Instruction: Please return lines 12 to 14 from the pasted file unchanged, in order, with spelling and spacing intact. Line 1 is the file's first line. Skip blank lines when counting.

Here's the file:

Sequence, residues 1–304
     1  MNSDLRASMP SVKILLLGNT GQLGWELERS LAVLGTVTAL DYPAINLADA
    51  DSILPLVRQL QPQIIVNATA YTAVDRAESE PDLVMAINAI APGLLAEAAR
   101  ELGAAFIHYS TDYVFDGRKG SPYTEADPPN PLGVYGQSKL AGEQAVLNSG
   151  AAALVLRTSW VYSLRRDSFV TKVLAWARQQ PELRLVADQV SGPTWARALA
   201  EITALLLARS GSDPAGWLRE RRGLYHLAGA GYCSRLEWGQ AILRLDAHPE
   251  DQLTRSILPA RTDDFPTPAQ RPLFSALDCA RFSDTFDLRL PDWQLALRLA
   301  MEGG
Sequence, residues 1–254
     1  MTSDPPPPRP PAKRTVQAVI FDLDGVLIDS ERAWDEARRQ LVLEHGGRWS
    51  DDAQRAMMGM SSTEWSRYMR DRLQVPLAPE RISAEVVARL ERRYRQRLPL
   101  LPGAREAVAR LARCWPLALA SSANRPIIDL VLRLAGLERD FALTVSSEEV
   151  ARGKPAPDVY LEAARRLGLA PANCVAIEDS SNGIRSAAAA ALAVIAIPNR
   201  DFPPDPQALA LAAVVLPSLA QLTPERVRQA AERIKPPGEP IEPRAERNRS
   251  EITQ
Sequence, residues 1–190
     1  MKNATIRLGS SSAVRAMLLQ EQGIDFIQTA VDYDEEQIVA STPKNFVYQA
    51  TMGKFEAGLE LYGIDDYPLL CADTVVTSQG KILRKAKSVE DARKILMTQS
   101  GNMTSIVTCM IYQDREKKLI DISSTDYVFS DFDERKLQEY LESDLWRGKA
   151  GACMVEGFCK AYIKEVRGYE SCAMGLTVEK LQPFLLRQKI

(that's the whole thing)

   101  LPGAREAVAR LARCWPLALA SSANRPIIDL VLRLAGLERD FALTVSSEEV
   151  ARGKPAPDVY LEAARRLGLA PANCVAIEDS SNGIRSAAAA ALAVIAIPNR
   201  DFPPDPQALA LAAVVLPSLA QLTPERVRQA AERIKPPGEP IEPRAERNRS